For some IoT devices, the data that needs to be sent is confidential, and hence sending it in plain text is not acceptable. Therefore, I've been considering how to encrypt data sent between IoT devices. An article I recently read on the RFID Journal website mentions the NSA-developed SPECK and SIMON ciphers as particularly suited to IoT applications:

NSA is making the ciphers [...] publicly available at no cost, as part of an effort to ensure security in the Internet of Things (IOT), in which devices are sharing data with others on the Internet.


NSA researchers developed SIMON and SPECK as an improvement on block cipher algorithms already in use that were, in most cases, designed for desktop computers or very specialized systems

Why should I select a newer algorithm such as SIMON or SPECK for my IoT device, especially for applications where power is constrained (e.g. battery power only)? What are the benefits compared to other encryption systems such as AES?


1 Answer 1


In "The Simon and Speck Block Ciphers on AVR 8-bit Microcontrollers" Beaulieu et al. investigate the implementation of SIMON and SPECK on a low-end 8-bit microcontroller and compare the performance to other cyphers. An Atmel ATmega128 is used with 128 Kbytes of programmable flash memory, 4 Kbytes of SRAM, and thirty-two 8-bit general purpose registers.

Three encryption implementations are compared:

  1. RAM-minimizing

    These implementations avoid the use of RAM to store round keys by including the pre-expanded round keys in the flash program memory. No key schedule is included for updating this expanded key, making these implementations suitable for applications where the key is static.

  2. High-throughput/low-energy

    These implementations include the key schedule and unroll enough copies of the round function in the encryption routine to achieve a throughput within about 3% of a fully- unrolled implementation. The key, stored in flash, is used to generate the round keys which are subsequently stored in RAM.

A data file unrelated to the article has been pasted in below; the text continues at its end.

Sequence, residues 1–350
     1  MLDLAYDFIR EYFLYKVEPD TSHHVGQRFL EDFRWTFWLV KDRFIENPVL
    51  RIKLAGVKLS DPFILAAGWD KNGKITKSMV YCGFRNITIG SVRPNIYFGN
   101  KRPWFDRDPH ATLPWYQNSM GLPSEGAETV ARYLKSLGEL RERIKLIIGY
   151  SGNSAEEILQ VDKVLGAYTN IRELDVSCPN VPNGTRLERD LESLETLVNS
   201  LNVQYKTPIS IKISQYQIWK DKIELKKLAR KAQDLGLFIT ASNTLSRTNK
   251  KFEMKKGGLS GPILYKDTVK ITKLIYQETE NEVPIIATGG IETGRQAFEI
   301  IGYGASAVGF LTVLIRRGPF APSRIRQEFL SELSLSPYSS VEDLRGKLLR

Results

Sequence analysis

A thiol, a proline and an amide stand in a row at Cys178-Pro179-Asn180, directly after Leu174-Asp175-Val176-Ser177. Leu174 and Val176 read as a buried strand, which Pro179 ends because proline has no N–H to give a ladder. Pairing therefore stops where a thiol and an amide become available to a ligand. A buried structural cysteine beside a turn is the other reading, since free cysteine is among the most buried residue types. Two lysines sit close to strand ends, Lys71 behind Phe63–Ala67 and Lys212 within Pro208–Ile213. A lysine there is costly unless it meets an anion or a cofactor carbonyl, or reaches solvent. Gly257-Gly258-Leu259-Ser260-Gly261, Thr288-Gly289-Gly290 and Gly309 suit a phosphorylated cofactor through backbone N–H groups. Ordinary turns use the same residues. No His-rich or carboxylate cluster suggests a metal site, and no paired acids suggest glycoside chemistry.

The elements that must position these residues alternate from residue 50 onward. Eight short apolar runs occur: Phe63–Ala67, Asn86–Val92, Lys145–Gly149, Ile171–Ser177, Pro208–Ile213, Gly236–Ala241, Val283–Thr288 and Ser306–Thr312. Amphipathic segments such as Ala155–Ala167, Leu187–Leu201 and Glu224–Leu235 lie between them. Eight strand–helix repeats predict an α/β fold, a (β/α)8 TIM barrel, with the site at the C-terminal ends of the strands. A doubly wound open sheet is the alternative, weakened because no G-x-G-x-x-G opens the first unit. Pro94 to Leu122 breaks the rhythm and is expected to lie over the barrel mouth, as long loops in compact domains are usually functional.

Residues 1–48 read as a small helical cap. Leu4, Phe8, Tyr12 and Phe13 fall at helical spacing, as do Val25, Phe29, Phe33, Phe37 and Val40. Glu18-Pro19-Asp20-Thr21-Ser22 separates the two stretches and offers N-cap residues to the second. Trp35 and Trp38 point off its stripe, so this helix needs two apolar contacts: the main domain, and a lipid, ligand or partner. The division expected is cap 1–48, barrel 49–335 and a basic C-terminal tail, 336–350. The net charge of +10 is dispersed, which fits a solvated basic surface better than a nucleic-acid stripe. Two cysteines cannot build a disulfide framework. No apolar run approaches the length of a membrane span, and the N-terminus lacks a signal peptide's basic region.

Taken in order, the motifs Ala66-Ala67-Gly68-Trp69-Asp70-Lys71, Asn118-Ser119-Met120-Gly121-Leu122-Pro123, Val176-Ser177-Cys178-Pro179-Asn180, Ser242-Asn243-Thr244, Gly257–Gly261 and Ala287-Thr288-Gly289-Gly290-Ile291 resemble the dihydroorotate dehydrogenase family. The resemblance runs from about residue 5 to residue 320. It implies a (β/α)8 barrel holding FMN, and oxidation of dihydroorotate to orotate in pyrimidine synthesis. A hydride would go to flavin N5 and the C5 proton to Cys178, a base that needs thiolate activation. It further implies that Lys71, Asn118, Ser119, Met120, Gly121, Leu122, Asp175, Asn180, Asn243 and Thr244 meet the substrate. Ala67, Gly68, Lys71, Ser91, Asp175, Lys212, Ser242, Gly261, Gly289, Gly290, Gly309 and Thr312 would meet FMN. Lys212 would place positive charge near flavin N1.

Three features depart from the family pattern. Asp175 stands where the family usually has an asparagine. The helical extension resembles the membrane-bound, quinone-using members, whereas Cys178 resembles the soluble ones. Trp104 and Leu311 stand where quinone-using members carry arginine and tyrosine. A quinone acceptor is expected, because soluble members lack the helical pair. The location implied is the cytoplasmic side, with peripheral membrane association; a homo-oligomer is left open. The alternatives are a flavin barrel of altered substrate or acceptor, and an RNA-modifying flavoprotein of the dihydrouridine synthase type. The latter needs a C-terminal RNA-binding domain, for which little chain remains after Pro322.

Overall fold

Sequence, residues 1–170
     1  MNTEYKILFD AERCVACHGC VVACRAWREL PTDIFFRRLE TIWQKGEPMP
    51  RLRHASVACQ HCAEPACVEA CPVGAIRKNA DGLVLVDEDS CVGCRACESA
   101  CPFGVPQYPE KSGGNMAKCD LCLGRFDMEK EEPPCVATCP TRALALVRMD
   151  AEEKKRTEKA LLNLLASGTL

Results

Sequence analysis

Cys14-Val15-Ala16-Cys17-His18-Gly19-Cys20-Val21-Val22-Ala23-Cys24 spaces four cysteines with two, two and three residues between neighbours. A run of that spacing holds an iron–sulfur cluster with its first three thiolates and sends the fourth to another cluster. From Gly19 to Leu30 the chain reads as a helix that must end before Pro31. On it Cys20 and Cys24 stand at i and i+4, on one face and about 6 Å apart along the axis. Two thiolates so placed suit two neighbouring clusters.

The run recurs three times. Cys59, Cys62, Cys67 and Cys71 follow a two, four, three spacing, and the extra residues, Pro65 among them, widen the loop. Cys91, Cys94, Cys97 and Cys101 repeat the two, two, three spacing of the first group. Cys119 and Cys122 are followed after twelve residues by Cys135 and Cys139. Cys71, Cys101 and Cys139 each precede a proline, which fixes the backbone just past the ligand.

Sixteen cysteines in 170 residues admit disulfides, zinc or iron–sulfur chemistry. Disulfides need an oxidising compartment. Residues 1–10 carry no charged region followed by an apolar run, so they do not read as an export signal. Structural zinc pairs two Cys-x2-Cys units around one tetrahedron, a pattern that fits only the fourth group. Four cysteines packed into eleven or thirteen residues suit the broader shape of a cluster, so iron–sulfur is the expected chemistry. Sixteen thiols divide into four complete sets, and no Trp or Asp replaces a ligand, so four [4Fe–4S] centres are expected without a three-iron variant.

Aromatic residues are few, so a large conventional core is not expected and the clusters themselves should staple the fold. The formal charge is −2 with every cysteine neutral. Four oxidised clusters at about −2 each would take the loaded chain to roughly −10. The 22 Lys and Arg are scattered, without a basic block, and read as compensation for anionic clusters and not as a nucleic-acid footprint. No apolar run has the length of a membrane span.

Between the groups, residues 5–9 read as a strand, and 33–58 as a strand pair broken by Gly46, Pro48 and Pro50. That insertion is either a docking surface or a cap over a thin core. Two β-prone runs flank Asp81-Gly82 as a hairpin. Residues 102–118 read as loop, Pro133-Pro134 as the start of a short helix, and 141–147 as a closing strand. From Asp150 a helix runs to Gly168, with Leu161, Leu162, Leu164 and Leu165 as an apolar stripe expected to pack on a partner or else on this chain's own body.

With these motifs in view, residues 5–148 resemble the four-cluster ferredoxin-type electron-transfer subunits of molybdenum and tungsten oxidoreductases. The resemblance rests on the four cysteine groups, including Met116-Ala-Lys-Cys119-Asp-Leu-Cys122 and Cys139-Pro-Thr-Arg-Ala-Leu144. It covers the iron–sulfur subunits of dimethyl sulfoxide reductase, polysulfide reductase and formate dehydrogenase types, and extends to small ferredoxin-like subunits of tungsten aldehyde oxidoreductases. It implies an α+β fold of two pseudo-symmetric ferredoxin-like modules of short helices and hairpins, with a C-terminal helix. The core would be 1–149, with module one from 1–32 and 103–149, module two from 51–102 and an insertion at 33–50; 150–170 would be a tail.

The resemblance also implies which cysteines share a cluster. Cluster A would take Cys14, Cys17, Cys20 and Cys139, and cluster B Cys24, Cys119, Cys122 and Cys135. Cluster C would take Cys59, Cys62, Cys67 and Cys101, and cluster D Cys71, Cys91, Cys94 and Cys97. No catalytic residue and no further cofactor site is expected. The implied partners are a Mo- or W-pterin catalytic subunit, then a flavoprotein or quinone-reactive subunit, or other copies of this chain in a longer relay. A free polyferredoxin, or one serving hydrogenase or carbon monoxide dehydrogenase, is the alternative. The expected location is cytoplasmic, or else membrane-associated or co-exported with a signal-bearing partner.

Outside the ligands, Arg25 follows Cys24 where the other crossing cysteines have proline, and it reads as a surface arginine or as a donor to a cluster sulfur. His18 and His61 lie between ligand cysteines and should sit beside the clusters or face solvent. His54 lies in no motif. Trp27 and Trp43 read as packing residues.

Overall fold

3. Flash-minimizing

    The key schedule is included here. Space limitations mean we can only provide an incomplete description of these implementations. However, it should be noted that the previous two types of implementations already have very modest code sizes.

To compare different cyphers a performance efficiency measure - rank - is used. The rank is proportional to throughput divided by memory usage.

SPECK ranks in the top spot for every block and key size which it supports. Except for the 128-bit block size, SIMON ranks second for all block and key sizes.


Not surprisingly, AES-128 has very good performance on this platform, although for the same block and key size, SPECK has about twice the performance. For the same key size but with a 64-bit block size, SIMON and SPECK achieve two and four times better overall performance, respectively, than AES.

Comparing SPECK 128/128 to AES-128 the authors find that the memory footprint of SPECK is significantly reduced (460 bytes vs. 970 bytes) while throughput is only slightly decreased (171 cycles/byte vs. 146 cycles/byte). Thus SPECK's performance (in the chosen metric) is higher than AES. Considering that speed is correlated with energy consumption the authors conclude that "AES-128 may be a better choice in energy critical applications than SPECK 128/128 on this platform." The authors however are uncertain whether heavy usage of RAM access (high-speed AES implementations) are more energy efficient than a register-based implementation of SPECK. In either case a significant reduction in flash memory usage can be achieved which might be of relevance on low-end microcontrollers.

If an application requires high speed, and memory usage is not a priority, AES has the fastest implementation (using 1912 bytes of flash, 432 bytes RAM) among all block ciphers with a 128-bit block and key that we are aware of, with a cost of just 125 cycles/byte. The closest AES competitor is SPECK 128/128, with a cost of 138 cycles/byte for a fully unrolled implementation. Since speed is correlated with energy consumption, AES-128 may be a better choice in energy critical applications than SPECK 128/128 on this platform. However, if a 128-bit block is not required, as we might expect for many applications on an 8-bit microcontroller, then a more energy effcient solution (using 628 bytes of flash, 108 bytes RAM) is SPECK 64/128 with the same key size as AES-128 and an encryption cost of just 122 cycles/byte, or SPECK 64/96 with a cost of 118 cycles/byte.

Additionally, this talk has an Enigma figure in it, who could resist a cypher that references Enigma?

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